Dr. Arshad Alam, an Indian Muslim researcher and an expert of West Asian studies felt that there was concern in diplomatic circles that India was getting too close to Israel and that Pakistan could exploit the situation. However, Prime Minister’s visit to Palestine seems to put such concerns to rest.

In this context it would be pertinent to point out that following independence of India and Pakistan, there was an Indo-Pakistan rivalry on asserting support for the Palestine cause. While Pakistan played the Islamic card, India articulated its narrative of secularism and anti imperialism to establish its pro-Palestinian track record. Experts, in the meantime opine that in dealing with the Palestine-Israel conflict India is trying to find a path which would be a marginal departure from the earlier Indian policy though not entirely opposed to that. India has been extending all round support to the Palestinian people and in 1974-75 India became the first non-Arab nation to recognize PLO as the legitimate representative of the Palestinian people. When Yasser Arafat was condemned as “Terrorist,” ex-Prime Minister Indira Gandhi developed excellent and robust bilateral ties with Arafat’s leadership and upgraded the Palestinian mission in India to an embassy status as late as in 1980.

Subsequently, in1988, India formally recognized the Palestinian National Council’s declaration of independence, delicately maintaining a principled position of support for the two-state solution. It is there for evidence that the Indian stand of supporting the Palestinian cause through the two-state solution is long standing. At this juncture, when Palestine is embarking upon to establish an international multinational mechanism of negotiations Prime Minister Modi’s outreach to Palestine is expected to go along way to cement the peace process. It looks highly advisable that amidst the on going relations between India and Palestine the present Indian government further strengthens its historical ties with the Palestinians concretizing India’s role as a peacemaker in the region.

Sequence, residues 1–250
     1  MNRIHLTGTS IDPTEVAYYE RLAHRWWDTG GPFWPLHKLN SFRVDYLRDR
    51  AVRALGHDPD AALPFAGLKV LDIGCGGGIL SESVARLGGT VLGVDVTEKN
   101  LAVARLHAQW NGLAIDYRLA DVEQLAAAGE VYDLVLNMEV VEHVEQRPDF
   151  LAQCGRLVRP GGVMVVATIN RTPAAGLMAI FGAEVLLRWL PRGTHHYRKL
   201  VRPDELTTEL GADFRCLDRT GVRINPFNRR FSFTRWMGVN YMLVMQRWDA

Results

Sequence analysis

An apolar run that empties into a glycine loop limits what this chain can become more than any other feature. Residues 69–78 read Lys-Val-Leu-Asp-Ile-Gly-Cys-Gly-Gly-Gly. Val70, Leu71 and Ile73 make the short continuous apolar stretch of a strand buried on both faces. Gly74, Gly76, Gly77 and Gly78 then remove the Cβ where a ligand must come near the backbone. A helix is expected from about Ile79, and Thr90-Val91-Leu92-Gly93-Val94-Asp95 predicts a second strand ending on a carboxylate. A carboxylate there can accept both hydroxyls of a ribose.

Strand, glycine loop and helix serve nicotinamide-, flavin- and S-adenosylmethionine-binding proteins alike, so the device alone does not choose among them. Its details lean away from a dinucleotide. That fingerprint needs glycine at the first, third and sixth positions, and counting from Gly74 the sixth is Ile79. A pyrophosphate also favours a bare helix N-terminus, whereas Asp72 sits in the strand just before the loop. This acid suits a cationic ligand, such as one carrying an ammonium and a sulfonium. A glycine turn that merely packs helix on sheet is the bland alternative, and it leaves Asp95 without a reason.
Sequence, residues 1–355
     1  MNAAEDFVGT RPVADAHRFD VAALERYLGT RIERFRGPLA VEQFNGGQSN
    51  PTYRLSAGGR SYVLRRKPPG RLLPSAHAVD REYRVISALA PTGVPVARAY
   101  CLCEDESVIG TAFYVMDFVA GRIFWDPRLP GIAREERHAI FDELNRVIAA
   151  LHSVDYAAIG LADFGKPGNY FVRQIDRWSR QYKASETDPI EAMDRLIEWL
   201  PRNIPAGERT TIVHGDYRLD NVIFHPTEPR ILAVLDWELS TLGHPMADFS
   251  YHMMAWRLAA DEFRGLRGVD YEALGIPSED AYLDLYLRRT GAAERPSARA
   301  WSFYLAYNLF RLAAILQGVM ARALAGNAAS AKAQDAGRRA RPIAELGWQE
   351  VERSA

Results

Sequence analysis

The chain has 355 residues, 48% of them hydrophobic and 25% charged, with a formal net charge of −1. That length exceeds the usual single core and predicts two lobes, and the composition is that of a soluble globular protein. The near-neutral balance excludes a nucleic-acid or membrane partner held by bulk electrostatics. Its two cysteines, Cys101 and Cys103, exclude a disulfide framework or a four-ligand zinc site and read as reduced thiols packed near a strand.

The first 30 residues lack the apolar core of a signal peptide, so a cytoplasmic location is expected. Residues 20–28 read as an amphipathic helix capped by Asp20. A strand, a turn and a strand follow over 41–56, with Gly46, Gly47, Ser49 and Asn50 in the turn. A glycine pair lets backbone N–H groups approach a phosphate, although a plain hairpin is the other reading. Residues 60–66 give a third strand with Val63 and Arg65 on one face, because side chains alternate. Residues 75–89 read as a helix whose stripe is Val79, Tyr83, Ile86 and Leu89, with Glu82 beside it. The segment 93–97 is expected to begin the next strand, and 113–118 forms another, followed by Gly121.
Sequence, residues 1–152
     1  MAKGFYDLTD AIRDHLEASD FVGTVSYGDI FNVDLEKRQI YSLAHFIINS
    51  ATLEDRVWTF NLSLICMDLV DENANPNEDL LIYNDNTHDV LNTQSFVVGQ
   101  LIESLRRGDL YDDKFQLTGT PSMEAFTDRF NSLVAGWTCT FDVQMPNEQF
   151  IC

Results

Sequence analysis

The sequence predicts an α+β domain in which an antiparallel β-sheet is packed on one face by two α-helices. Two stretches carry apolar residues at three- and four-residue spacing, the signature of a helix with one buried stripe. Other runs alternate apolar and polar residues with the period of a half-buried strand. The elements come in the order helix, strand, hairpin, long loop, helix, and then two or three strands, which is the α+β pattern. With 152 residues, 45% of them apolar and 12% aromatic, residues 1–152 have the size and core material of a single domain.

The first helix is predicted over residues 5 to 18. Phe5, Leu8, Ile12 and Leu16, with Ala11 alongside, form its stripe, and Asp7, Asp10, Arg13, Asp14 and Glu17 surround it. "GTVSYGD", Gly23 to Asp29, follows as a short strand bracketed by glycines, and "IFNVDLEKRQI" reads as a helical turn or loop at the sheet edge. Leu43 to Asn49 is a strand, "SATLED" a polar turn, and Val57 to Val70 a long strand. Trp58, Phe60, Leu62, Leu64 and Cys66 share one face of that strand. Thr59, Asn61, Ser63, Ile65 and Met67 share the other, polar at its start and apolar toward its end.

In run up to Prime Minister’s visit to Palestine, Palestinian President Mahmoud Abbas hailed India’s role in the Middle East peace process and the creation of the multilateral form of negotiations to clinch a final settlement with Israel. Abbas describes India as a much respected country in the international arena. This statement paved the way for a congenial atmosphere for talks between India and Palestine.

Prime Minister Modi won the hearts of thousands of Palestinians by visiting the tomb of Yasser Arafat, terming him as one of the world’s top leaders and a close friend of India and that his contribution to Palestine was historic.

In sum, Prime Minister Modi’s Palestine visit was also a masterstroke of diplomacy and rare display of statesmanship by taking with him both Israel and Palestine will out offending anyone of them. More importantly Prime Minister Modi, according to many West Asia watchers, emerged a key player in ushering in peace in this zone of attrition and paving the way of a much needed conflict resolution in the region.

(The writer is an international security analyst on counter terror)